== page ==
Snapshot photoacoustic topography through an ergodic relay for high-throughput imaging of optical absorption

Abstract

Current embodiments of photoacoustic imaging require either serial detection with a single-element ultrasonic transducer or parallel detection with an ultrasonic array, necessitating a trade-off between cost and throughput. Here, we present photoacoustic topography through an ergodic relay (PATER) for low-cost high-throughput snapshot wide-field imaging. Encoding spatial information with randomized temporal signatures through ergodicity, PATER requires only a single-element ultrasonic transducer to capture a wide-field image with a single laser shot. We applied PATER to demonstrate both functional imaging of haemodynamic responses and high-speed imaging of blood pulse wave propagation in mice in vivo. Leveraging the high frame rate of 2 kHz, PATER tracked and localized moving melanoma tumour cells in the mouse brain in vivo, which enabled flow velocity quantification and super-resolution imaging. Among the potential biomedical applications of PATER, wearable devices to monitor human vital signs in particular is envisaged.

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Fig. 1: Imaging mechanism of PATER.
Fig. 2: Schematic of the PATER system.
Fig. 3: Mouse brain haemoglobin responses to front-paw stimulations.
Fig. 4: Quantification of blood pulse wave velocity.
Fig. 5: Localization and tracking of MTCs in the mouse brain at super-resolution.

Data availability

The data that support the plots within this paper and other findings of this study are available from the corresponding author upon reasonable request and with permission from corporate collaborations.

Code availability

The reconstruction algorithm and data processing methods are described in detail in the Methods. We have opted not to make the computer codes publicly available owing to corporate collaborations and pending patent applications.

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Acknowledgements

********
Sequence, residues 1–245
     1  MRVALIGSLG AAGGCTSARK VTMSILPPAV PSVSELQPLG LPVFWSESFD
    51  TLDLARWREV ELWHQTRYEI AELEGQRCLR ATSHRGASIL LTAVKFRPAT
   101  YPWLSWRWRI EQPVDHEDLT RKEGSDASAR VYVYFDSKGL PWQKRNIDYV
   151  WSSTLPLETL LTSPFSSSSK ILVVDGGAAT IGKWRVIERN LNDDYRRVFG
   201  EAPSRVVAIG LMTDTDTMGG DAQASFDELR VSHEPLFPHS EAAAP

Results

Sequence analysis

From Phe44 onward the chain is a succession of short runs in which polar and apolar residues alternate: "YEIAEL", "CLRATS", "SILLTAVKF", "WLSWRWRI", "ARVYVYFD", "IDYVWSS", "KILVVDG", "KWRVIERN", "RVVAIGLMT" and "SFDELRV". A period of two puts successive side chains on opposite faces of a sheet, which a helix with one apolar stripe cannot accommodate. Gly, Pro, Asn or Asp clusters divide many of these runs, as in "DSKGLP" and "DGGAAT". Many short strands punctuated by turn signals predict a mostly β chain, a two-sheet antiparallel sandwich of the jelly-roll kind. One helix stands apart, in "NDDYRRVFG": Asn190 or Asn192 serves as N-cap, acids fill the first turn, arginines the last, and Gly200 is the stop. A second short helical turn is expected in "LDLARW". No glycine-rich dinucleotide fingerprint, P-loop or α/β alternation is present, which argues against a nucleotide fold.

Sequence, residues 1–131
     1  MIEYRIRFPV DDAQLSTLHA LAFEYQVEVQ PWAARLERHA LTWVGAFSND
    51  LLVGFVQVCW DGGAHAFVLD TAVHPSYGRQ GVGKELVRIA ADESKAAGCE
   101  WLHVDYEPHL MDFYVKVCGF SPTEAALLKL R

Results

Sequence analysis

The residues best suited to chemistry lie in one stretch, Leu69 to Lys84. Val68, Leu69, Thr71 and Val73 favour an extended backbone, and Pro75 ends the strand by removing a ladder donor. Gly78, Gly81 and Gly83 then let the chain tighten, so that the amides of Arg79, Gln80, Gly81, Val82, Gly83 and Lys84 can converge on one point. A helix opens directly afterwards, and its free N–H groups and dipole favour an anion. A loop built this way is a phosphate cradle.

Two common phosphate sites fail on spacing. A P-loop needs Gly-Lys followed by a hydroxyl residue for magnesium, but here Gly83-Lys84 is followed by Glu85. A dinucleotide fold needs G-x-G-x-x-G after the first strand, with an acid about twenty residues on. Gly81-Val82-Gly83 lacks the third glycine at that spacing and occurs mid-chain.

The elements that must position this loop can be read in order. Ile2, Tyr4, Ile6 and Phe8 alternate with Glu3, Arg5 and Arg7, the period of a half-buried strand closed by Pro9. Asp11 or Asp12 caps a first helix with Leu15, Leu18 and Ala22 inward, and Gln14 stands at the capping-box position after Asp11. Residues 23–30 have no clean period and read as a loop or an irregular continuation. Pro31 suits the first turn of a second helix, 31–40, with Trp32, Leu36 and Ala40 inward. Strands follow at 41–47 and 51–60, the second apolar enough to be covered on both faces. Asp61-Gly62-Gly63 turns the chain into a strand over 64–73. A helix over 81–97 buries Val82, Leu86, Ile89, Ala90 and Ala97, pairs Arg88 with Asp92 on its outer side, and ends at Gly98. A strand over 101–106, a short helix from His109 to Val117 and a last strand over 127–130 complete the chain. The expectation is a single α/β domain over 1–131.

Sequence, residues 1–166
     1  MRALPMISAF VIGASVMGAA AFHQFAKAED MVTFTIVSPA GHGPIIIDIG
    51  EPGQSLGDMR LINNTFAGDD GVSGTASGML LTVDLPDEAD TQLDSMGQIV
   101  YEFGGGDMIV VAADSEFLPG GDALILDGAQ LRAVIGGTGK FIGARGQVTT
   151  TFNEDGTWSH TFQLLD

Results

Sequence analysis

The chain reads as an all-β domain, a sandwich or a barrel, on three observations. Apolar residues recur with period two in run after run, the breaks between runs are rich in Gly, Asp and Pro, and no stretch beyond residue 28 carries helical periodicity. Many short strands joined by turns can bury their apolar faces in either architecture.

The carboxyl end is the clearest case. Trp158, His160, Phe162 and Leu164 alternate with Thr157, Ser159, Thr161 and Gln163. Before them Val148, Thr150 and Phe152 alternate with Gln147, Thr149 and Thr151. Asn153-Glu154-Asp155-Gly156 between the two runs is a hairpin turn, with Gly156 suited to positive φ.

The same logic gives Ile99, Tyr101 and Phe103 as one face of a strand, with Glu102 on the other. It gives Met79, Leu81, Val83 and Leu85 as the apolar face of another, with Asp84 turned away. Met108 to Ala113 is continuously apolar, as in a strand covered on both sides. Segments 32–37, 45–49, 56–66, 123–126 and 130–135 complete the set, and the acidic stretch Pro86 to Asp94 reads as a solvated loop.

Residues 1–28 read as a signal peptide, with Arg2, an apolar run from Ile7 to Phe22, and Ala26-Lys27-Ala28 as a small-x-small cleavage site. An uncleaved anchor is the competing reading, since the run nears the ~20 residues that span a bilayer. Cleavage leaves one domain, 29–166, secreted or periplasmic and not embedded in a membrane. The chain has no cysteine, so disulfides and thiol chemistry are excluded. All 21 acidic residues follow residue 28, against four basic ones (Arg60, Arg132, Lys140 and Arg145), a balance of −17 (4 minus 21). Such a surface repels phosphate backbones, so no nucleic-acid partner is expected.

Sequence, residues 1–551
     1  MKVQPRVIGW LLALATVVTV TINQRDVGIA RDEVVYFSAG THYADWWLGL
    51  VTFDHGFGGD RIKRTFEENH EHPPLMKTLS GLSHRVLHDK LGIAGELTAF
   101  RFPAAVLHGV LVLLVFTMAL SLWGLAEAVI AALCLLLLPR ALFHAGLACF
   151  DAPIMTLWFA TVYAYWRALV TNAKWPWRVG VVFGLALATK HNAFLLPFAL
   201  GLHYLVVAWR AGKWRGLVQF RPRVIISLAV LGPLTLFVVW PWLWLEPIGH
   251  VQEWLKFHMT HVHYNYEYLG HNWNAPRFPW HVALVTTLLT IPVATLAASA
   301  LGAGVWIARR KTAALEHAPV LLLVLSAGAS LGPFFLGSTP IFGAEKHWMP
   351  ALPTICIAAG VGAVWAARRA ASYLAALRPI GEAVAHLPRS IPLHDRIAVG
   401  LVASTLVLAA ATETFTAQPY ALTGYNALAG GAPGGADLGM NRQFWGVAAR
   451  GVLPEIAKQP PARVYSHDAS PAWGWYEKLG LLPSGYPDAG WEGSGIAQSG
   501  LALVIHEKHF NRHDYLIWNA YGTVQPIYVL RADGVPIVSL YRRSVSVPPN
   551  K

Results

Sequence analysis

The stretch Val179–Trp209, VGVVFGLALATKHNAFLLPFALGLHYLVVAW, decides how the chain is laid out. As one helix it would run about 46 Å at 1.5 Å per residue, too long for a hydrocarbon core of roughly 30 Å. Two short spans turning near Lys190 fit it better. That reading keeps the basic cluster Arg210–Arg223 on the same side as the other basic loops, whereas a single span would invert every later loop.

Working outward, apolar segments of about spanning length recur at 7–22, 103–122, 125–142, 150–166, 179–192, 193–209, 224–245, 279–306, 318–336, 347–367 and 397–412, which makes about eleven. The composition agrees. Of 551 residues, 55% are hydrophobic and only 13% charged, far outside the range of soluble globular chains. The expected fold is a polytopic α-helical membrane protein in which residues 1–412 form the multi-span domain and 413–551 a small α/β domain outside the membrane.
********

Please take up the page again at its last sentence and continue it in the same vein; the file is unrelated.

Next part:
We thank J. Ballard and C. Ma for close reading of the manuscript, Y. He and C. Yeh for technical support, and P. Hai for his image superposition codes. This work was sponsored by National Institutes of Health Grants DP1 EB016986 (NIH Director’s Pioneer Award), R01 CA186567 (NIH Director’s Transformative Research Award), R01 EB016963, U01 NS090579 (NIH BRAIN Initiative) and U01 NS099717 (NIH BRAIN Initiative).

Author information

Y.L. and L.L. designed the study. Y.L., L.L. and K.M. built the imaging system. L.L. and Y.L. planned the experiments. Y.L., L.L., E.B. and J.Y. performed the experiments. J.S. and L.W. developed the data acquisition program. L.Z., Y.L. and L.L. developed the reconstruction algorithm. Y.L., L.L., L.Z., J.L., P.H. and J.Y. analysed the data. L.V.W. conceived the concept and supervised the project. All authors contributed to writing the manuscript.

Correspondence to Lihong V. Wang.

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Competing interests

L.V.W. and K.M. have financial interests in Microphotoacoustics, Inc., CalPACT, LLC and Union Photoacoustic Technologies, Ltd, which did not support this work.

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Supplementary information

Supplementary Information

Supplementary Figs. 1–10 and Supplementary Notes 1–4.

Reporting Summary

Supplementary Video 1

Demonstration of PATER’s imaging mechanism.

Supplementary Video 2

Quantification of the spatial resolution of snapshot wide-field imaging by PATER.

Supplementary Video 3

Snapshot wide-field imaging by PATER of blood flow behind biological tissue.

Supplementary Video 4

Snapshot wide-field functional PATER imaging of haemoglobin responses in a mouse brain to front-paw stimulations in vivo.

Supplementary Video 5

Visualization of blood pulse wave propagation in the middle cerebral arteries.

Supplementary Video 6

Snapshot wide-field tracking of MTCs in a tube using PATER at 660 nm light illumination.

Supplementary Video 7

Snapshot wide-field tracking of MTCs in a mouse brain in vivo using PATER at 660 nm light illumination.

Supplementary Video 8

Close-up slow-motion video of snapshot wide-field tracking of MTCs as shown in Supplementary Video 6.

Supplementary Video 9

Buildup of MTC localization map. The positions of migrating MTCs in the blood vessels were tracked throughout the video from Supplementary Video 6 and superimposed.

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Li, Y., Li, L., Zhu, L. et al. Snapshot photoacoustic topography through an ergodic relay for high-throughput imaging of optical absorption. Nat. Photonics (2020). https://doi.org/10.1038/s41566-019-0576-2

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